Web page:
During a break in an executive development workshop I was leading this week, the meeting host provided us with the opportunity to sample some of the ice cream that the company produces. The most exotic flavor – which he also said was by far their most popular – was “Sweet Purple Yam” (also known as “Ube”).
My first thought was, “VEGETABLE ice cream?!? That is just WRONG.” But, given that I was teaching a session on Growth Mindset, it seemed bad form not to step out of my comfort zone and try this crazy-sounding, dark lavender ice cream. As I tasted the first spoonful, expecting a flavor something along the lines of V-8 Juice, I was pleasantly surprised to discover that it did NOT taste like a vegetable. It actually didn’t taste anything I recognized at all. And yet, I immediately had the sense that it reminded me of…something. But I couldn’t put my finger on what it was. As I tasted a second spoonful, intensely focused on the flavor to see if I could discern what was familiar, I realized that it reminded me of the butter cookies that my grandmother used to make at Christmas, nearly 40 years ago. However, much to my surprise, the woman standing next to me remarked a few moments later that it tasted like coconut. Five minutes later, someone else also commented on the ice cream’s taste, saying that the flavor was like chestnut. Or maybe pistachio.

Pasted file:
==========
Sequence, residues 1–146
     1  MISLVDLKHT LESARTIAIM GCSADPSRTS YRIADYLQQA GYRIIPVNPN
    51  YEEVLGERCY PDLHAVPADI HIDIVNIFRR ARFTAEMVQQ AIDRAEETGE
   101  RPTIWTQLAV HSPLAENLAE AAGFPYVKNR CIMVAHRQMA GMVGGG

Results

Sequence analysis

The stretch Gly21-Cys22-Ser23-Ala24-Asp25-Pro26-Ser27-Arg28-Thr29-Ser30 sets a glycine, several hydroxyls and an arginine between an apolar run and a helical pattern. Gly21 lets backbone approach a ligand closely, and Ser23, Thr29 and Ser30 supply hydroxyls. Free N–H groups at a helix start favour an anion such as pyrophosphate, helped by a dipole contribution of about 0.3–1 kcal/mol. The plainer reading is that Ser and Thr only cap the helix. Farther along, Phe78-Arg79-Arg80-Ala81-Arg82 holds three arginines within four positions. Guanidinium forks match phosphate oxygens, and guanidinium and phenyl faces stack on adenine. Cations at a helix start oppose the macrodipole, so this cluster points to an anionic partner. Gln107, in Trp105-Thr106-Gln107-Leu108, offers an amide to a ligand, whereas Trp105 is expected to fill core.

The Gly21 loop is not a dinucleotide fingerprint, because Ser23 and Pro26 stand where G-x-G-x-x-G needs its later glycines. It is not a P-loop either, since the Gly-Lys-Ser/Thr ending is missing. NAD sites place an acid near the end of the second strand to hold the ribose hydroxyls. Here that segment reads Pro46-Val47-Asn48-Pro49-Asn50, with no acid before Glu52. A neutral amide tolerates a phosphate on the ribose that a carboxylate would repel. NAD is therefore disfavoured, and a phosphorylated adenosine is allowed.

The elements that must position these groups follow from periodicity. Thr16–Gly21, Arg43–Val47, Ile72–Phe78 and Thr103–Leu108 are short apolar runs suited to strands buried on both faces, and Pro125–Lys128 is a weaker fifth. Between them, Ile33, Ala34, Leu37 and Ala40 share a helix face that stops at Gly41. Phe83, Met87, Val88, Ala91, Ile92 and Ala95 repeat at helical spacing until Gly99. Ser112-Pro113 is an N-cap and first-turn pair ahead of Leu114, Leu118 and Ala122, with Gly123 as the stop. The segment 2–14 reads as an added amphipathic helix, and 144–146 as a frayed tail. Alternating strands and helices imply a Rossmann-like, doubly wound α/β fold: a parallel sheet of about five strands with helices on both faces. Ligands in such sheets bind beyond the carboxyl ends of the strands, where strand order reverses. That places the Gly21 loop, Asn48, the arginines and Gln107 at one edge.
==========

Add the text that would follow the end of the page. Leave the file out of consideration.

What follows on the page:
How can a single ice cream flavor taste like butter cookies, coconut, and chestnut/pistachio?
This can happen because our brains are specifically designed to make sense of a world…that often makes no sense whatsoever. To try to convert the unknown into the known. To take new stimuli and find a way to fit them into the version of the world that we’ve constructed.
In addition to being highly amusing, the experience was also a powerful reminder of the fact that different people can be presented with precisely the same experiences – and still draw vastly different conclusions from them. Was one of our flavor interpretations more “right” than the others? Or were they all equally valid? And what happens when we apply this same line of questioning to more substantial issues? Is it possible for different people to hear/see/experience an identical set of inputs/stimuli…and nevertheless interpret them in different – and equally valid – ways?
Is there always a single “truth”? If not, does that necessarily change our definition - or at least our understanding of - the word "truth"?
I’m pretty sure I don’t have the answers, but I think it’s worth considering the questions. And, for the record, if you ever get a chance to try Sweet Purple Yam ice cream, give it a shot. And let me know what you think it tastes like.
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